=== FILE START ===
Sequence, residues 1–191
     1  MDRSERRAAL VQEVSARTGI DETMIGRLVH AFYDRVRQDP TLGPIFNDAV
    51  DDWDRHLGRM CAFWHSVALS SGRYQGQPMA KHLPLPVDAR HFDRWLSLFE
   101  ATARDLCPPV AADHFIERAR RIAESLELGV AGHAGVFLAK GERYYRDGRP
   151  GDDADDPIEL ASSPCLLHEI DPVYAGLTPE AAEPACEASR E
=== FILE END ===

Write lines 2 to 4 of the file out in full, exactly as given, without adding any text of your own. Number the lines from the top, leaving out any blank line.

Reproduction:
     1  MDRSERRAAL VQEVSARTGI DETMIGRLVH AFYDRVRQDP TLGPIFNDAV
    51  DDWDRHLGRM CAFWHSVALS SGRYQGQPMA KHLPLPVDAR HFDRWLSLFE
   101  ATARDLCPPV AADHFIERAR RIAESLELGV AGHAGVFLAK GERYYRDGRP